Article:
Regardless of industry, leading and managing associations this year will require boards and secretariats to think differently by making greater use of technology to engage members, diversifying revenue streams for financial stability, and capitalising on opportunities to innovate and strengthen good governance.
Those were the key takeaways from a March 25 webinar, organised by Glue Up and featured speakers in charge of associations in advertising, childcare and professional membership organisations based in Hong Kong, Australia, the Philippines and India.
Sharing an example of how The Association of Accredited Advertising Agencies of Hong Kong (HK4A) had adopted greater use of IT during the pandemic, executive director Onie Chu said member engagement had transitioned from working on desktops to notebooks, smartphones, Zoom, Microsoft Team, Google Meet, etc. Doing so allowed “members (to) know were are here” to continue to help them find solutions, Chu noted.
In the case of MSME Business Forum India, director Ravi Sinha said technology was used to sustain two-way communication and required the training of â€śthose who had to adapt to something newâ€ť, give them time and to show them the protocols to â€śmake life easy and not complicatedâ€ť for its micro, small and medium size enterprise members.
Sinha commented: â€śWe had to show that it was easy to use and it increased productivity.â€ť
Australian Childcare Alliance (ACA) New South Wales, CEO, Chiang Lim, who has a technology background, added it was important for the association to recognise and embrace IT.
ACA, he said, was â€śalready Cloud-basedâ€ť and just had to â€śscale up and train members to be Cloud-safeâ€ť. It introduced an online AGM and â€śCoffee Rouletteâ€ť conversations to rebuild connections.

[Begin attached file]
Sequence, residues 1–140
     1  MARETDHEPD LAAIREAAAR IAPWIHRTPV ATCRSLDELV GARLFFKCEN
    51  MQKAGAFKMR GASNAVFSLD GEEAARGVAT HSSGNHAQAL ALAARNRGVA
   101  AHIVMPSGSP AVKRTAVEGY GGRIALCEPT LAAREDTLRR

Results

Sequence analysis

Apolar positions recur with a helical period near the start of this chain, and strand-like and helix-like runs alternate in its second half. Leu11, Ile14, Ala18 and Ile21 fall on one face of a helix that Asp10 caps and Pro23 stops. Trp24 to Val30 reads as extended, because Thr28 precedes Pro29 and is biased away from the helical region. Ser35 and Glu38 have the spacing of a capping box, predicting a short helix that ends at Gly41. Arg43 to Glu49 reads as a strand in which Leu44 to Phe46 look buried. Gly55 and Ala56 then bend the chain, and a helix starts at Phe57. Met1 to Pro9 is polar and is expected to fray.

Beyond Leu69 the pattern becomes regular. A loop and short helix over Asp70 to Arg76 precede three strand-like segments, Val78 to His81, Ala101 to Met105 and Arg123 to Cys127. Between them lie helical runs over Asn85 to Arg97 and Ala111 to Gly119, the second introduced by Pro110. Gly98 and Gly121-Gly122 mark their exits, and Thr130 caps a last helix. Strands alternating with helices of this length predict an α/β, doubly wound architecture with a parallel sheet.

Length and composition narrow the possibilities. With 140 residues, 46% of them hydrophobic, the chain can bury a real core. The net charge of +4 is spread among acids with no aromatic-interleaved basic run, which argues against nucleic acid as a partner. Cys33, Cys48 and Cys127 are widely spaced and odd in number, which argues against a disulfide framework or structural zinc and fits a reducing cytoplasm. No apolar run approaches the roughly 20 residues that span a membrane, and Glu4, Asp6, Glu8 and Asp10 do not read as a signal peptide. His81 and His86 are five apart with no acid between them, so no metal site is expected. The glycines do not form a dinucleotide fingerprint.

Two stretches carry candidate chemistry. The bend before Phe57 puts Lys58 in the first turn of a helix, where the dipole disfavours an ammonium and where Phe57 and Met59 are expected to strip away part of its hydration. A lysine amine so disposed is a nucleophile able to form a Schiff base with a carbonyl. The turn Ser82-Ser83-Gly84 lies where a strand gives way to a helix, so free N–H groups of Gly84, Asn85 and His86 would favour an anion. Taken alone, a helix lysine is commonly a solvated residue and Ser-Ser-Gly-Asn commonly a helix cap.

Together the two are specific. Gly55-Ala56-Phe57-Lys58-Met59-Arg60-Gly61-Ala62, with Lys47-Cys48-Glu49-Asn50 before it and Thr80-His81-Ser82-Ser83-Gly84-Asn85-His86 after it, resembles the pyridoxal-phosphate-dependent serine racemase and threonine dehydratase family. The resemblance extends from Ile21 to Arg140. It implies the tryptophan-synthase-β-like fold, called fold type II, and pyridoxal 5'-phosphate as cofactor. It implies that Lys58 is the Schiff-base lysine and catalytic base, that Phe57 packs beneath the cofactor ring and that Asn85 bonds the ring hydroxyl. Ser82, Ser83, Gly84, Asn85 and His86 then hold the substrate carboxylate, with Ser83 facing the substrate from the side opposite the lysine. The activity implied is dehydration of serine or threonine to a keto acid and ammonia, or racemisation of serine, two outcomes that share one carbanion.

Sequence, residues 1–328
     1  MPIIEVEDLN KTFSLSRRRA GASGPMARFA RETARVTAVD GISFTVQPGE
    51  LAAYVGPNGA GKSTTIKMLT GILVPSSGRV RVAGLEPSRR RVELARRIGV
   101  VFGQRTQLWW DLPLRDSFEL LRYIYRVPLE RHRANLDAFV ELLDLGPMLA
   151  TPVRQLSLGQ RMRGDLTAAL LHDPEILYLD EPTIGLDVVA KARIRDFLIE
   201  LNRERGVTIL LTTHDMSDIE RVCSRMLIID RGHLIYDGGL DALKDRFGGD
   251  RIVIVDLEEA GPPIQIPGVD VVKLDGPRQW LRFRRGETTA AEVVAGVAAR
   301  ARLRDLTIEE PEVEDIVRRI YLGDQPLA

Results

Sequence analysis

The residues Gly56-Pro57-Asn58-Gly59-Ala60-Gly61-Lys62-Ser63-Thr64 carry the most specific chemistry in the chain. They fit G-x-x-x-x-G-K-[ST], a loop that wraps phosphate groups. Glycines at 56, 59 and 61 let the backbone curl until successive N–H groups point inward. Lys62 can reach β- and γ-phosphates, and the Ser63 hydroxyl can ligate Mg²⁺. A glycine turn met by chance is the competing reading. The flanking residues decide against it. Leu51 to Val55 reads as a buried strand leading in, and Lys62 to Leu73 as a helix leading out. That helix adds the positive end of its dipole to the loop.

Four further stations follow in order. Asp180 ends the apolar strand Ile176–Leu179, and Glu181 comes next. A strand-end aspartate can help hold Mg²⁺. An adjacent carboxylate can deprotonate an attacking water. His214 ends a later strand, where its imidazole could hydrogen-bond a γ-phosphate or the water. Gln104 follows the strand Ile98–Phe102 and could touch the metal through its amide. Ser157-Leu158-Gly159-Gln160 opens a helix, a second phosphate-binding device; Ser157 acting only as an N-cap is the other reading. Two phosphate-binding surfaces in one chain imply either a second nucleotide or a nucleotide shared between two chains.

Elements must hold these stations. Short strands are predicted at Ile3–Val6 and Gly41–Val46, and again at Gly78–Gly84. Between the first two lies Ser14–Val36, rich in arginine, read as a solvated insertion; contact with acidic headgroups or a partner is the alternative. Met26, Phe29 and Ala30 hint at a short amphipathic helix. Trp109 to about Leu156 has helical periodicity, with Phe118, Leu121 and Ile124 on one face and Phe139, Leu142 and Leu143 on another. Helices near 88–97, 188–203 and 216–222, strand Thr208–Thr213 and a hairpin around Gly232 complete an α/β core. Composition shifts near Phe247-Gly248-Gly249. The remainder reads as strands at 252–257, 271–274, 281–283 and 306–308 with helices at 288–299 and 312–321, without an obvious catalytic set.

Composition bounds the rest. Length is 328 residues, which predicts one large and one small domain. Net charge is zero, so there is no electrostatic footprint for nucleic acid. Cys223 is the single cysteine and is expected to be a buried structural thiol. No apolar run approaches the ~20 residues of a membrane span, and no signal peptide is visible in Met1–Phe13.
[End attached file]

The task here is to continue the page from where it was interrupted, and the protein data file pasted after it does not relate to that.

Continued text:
Bobby Peralta, founder and CEO, Philippine Council of Associations and Associate Executives (PCAAE), described IT as â€śa great enabler for membership engagementâ€ť and is producing an e-letter and organising virtual meetings.
Peralta also highlighted the importance of a reserve fund, saying: “No money, no mission.â€ť
“The association did not only rely on membership dues. Diversifying led us to providing training, career development and consultancy services,” he continued.
Emphasising on the need to identify opportunities to excel during times of adversity, Lim shared how ACA picked up the government’s signal for collaborators to stimulate the economy. It responded with a proposal to help the government address â€śthe fear of the cost of childcareâ€ť.
â€śThere was massive panic when 90 per cent of parents took their children out of childcare because of the pandemic. We had to show members we were working in tandem with the government…to shore up financial support during the pandemic,â€ť Lim said, pointing out that there are now more clients in childcare than before the Covid-19 outbreak.
On HK4A’s part, it chose to host a hybrid student awards event, even though the main awards were cancelled, in order to continue nurturing talent.
The association also kicked off a Create for Good initiative, partnering selected NGOs, Chu said, because it wanted to put itself in the shoes of members who believed it was something worthwhile despite business being slow and because â€śwe need to show a positive outlookâ€ť.
To ensure association longevity, Peralta shared that the 44-year-old PCAAE had developed a corporate culture where it is always â€śall about purposeâ€ť and â€śto lead by example by practicing good governance, fairness, accountability and transparencyâ€ť.
He shared that the secretariatâ€™s team of eight is committed to nurturing teamwork and family culture, and celebrates birthdays in the office or virtually.